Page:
Interest rates vary depending on the bank, the economy and the different type of accounts, including money market fund rates. While interest rates on money market accounts can be around zero, they never actually fall below zero. Money market fund rates can fall below zero, causing a negative return on your money.
Money Market Funds vs. Money Market Accounts
There are many different accounts available to invest your extra money. Investing in stocks can be scary for some and a less risky option would be a money market fund. With a money market fund, you invest your money with a broker, who uses your money to invest in big corporations, to buy bonds, or for other short term investments. As long as the business does well, you make money. But, since even the top money market funds aren’t FDIC insured, if the corporation were to fail, you would lose your money. Money market accounts are invested with a banker, through a bank that is FDIC insured. This means your money is protected by the government, even if the bank fails.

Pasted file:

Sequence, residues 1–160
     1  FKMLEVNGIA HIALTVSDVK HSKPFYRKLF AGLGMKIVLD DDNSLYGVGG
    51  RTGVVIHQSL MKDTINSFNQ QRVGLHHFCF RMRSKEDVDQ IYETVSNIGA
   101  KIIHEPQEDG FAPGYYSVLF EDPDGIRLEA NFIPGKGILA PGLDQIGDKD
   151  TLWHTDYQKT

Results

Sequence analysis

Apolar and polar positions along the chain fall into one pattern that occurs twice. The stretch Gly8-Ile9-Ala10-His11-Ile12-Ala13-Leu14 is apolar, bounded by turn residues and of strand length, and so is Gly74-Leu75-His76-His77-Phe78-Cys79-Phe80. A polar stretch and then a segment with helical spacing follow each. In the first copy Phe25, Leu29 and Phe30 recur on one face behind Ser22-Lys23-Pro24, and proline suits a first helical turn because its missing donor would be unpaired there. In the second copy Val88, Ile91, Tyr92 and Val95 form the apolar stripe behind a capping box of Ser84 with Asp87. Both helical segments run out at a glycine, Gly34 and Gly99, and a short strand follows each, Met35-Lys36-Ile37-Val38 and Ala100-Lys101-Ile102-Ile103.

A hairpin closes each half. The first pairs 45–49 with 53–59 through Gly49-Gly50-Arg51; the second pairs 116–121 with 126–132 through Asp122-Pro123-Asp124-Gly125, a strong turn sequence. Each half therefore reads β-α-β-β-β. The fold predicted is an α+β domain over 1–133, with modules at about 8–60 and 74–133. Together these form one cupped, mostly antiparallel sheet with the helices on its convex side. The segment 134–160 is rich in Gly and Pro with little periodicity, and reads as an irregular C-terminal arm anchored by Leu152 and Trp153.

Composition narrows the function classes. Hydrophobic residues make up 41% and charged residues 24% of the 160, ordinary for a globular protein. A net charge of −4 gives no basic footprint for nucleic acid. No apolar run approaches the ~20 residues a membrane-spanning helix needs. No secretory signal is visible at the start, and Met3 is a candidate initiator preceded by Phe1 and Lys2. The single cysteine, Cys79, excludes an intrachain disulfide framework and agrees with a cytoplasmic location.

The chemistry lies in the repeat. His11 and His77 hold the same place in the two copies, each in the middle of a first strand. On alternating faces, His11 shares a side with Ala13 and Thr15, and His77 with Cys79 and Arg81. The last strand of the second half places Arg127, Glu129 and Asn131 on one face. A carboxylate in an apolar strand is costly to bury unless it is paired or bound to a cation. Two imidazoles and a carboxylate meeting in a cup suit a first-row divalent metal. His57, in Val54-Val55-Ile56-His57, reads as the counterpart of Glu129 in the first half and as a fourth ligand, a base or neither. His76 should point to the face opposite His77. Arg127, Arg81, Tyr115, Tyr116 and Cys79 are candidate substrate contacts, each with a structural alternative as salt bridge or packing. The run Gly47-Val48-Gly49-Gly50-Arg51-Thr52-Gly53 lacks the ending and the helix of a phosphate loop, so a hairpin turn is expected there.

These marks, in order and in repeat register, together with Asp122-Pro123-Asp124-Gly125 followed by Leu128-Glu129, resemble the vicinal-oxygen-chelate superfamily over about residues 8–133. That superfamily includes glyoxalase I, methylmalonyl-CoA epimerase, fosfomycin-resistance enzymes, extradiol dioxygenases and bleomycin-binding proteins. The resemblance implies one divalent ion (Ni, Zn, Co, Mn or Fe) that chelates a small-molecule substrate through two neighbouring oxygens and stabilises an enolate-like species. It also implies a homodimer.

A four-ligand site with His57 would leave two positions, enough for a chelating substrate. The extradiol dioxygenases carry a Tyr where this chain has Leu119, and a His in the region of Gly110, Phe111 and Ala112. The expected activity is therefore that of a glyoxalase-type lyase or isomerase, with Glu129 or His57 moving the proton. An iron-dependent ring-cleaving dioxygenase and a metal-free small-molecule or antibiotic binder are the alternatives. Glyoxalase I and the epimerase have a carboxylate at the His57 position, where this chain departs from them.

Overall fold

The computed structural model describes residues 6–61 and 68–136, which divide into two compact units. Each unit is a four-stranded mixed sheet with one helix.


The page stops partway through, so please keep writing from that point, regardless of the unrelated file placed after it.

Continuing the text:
Money market account rates are currently a bit higher than 1.00 percent. Money market fund rates may be higher, but remember they can also fall below zero percent, causing you to lose money.
A money market fund is a good choice for those who are looking to invest their money at a higher rate than traditional money market accounts are currently offering, but don’t have complete faith in the stock market. If you are deciding between a money market account or a money market fund, the better choice is a money market account. Money market fund rates aren’t enough higher than the rates of money market accounts to make it worth taking the risk of losing some, or possibly all of your money.
View and compare today’s highest money market account rates